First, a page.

It is week 86 of our new reality and tomorrow voters will be making their voices heard in thousands of school board races across the country.
One unexpected area where these typically local school decisions have overtaken all other issues is the governor’s race in Virginia, which has captured national attention as a potential political bellwether. The race — which pits Democrat Terry McAuliffe against Republican Glenn Youngkin — is one of the few in recent memory where local education policies will likely determine the outcome, with the Washington Post reporting Friday that the issue of education is now the number one concern of voters.
“Youngkin seems to have moved the needle in recent weeks by campaigning on issues related to schools,” according to the Washington Post. Youngkin’s message combines promises “to ban the teaching of critical race theory” with a big push to expand school choice. “Alexander Karrar, a 28-year-old building engineer who lives in Richmond, plans to vote for Youngkin in part because of … Youngkin’s plan to support charter schools. Karrar and his wife have a week-old daughter, Eleanor, and have always assumed they’d have to leave their city neighborhood for the suburbs once they had children in school. He thinks charter schools might give them another option.”
CNN explained further: “There are few areas as important and emotionally resonant to voters of all persuasions as the welfare and future of their kids. And senior Republicans believe that the pandemic — and the frustration felt by many parents over school closures for much of last year — means they can get a hearing from voters who might not always listen … So far, the focus on education seems to be helping Youngkin.”
Part of the reason McAuliffe has lost control of the education debate is Youngkin’s focus on hot-button issues and parents’ desire for more control, but the other reason is McAuliffe’s top education goal — raising teacher salaries — isn’t connecting with voters as an urgent issue in a time of crisis. By not speaking directly to parents’ immediate concerns like school closures and learning loss, McAuliffe left a lot of room for Youngkin to define the terms of the debate.
The outcome of this race tomorrow will likely have an outsized impact on how the two political parties approach the issue of education in the key elections to come in 2022.
Last time in the New Reality Roundup, we examined the precipitous, pre-pandemic drop of scores on the nation’s report card and looked at how JerseyCAN and other states are piloting new approaches to address teacher shortages in critical areas.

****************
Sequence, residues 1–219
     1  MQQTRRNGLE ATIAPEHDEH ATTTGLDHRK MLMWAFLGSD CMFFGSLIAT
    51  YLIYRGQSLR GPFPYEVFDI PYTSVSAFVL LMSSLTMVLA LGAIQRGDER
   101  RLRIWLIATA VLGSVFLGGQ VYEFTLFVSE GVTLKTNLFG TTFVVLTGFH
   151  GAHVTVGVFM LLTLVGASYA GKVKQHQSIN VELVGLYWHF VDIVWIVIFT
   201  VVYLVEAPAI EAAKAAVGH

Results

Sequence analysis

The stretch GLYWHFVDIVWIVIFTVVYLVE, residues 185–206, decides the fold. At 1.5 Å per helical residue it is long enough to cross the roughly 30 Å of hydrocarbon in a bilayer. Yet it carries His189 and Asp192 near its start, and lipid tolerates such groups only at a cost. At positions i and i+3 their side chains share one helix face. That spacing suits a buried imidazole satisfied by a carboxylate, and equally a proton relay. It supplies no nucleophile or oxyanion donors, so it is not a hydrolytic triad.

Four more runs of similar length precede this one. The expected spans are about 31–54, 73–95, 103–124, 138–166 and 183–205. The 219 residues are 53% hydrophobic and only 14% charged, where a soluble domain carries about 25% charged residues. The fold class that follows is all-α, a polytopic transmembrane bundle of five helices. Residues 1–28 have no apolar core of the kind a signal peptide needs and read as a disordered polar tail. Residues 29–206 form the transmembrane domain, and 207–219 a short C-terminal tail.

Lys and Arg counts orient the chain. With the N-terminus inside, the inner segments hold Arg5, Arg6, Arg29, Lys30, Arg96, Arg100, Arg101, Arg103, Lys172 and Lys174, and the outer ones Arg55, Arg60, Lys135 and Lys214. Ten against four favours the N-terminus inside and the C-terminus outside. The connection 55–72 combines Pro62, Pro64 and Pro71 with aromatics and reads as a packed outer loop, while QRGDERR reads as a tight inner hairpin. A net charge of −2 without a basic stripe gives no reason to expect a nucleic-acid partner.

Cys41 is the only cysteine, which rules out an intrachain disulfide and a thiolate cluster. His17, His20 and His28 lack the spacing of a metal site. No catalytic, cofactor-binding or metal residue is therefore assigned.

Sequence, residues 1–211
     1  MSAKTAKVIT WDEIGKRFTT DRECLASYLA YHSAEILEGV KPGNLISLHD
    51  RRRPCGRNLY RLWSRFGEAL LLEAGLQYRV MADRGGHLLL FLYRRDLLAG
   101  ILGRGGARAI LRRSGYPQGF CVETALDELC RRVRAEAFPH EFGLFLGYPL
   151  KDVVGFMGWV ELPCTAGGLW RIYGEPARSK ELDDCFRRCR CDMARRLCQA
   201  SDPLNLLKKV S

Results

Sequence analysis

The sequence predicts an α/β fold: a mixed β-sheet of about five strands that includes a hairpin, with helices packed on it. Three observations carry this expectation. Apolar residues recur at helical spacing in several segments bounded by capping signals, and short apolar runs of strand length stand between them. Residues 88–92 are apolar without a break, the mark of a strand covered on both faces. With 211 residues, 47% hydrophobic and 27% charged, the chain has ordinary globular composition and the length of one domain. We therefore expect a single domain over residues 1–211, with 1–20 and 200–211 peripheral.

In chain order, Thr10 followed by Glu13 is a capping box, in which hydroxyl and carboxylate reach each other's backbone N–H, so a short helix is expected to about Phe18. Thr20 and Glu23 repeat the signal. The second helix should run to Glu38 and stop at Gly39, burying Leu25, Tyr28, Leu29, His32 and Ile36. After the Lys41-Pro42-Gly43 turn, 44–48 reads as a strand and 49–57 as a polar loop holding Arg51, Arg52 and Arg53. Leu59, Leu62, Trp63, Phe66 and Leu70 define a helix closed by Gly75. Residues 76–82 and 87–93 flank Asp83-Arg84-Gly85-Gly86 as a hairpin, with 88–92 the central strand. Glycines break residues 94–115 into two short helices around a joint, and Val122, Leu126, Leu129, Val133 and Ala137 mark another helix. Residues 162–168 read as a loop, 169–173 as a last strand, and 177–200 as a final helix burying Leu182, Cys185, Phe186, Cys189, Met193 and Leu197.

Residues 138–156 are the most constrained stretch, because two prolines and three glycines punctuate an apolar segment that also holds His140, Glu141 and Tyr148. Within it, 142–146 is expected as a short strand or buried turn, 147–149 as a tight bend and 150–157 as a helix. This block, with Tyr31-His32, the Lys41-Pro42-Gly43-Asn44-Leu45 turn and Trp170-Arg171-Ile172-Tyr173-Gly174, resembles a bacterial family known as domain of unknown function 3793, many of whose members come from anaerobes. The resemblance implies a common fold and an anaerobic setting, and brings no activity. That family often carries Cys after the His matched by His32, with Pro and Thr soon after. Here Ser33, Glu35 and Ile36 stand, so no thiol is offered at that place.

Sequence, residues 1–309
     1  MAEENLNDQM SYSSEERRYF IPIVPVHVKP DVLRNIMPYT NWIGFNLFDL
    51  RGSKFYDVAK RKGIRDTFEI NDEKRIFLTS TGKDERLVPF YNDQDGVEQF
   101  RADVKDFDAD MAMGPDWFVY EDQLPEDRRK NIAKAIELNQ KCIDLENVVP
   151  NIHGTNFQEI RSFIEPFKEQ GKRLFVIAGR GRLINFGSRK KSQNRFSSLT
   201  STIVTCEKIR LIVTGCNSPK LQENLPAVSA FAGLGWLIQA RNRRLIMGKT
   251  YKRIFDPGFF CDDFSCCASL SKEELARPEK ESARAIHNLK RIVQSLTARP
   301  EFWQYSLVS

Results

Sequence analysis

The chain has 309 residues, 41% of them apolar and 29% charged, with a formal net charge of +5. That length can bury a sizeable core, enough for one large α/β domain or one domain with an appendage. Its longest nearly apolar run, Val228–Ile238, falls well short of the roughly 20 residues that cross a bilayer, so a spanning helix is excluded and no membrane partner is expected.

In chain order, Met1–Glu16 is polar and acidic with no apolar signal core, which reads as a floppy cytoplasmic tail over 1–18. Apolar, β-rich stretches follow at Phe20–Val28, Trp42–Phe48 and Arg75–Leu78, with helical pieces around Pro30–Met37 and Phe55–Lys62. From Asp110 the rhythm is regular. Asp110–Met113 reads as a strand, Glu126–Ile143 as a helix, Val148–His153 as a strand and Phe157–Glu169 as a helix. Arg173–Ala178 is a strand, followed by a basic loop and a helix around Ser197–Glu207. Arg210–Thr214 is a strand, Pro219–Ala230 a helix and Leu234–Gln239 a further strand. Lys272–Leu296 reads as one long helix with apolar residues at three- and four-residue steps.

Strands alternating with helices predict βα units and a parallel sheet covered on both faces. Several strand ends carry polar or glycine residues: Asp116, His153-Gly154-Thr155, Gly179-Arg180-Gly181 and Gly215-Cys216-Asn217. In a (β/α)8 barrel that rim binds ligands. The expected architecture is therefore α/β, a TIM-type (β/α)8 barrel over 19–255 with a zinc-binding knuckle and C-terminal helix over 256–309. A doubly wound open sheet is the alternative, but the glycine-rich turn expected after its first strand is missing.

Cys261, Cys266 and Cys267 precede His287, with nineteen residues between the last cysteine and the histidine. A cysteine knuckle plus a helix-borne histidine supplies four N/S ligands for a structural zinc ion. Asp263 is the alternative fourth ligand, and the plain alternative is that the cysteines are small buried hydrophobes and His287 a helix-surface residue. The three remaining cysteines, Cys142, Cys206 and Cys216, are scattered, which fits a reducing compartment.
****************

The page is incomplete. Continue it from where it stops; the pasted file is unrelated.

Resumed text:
Today, we look at two concerning, lingering effects of the Covid-19 pandemic: sharp declines in student enrollment numbers and reports of rising violence in schools across the country.
Don’t let students fall off the radar
“Enrollment in New York City’s public school system has dropped by about 50,000 students since the fall of 2019, the Department of Education said on Friday, the latest example of the profound disruption the pandemic has had on public education across the country,” Eliza Shapiro reported on Friday for The New York Times. “The 4.5 percent drop was likely driven by a number of factors, including parents choosing to home-school their children either temporarily or long-term, families leaving the city during the pandemic and some parents delaying the start of school for their young children altogether.”
The New York City numbers reflect a nationwide pattern, with The 74 reporting back in June that 1.5 million K-12 students had left the system during the 2019-2020 school year; the largest decrease since the turn of the century.
It isn’t only K-12 schools facing enrollment drops. Lauren S. Camera reports for US News & World Report that undergraduate college enrollment is on track for the largest two-year drop on record, including an 8% drop for less selective public colleges and universities.
The question we need to be asking: where are these students going? In many cases, parents who consistently voice that they’re ready for a school system that feels different are voting with their feet. Increased enrollment in charter schools, private schools and homeschooling is likely part of the new normal. But in a large number of cases we are likely seeing children simply fall off the radar with states failing their constitutional responsibility to provide an education.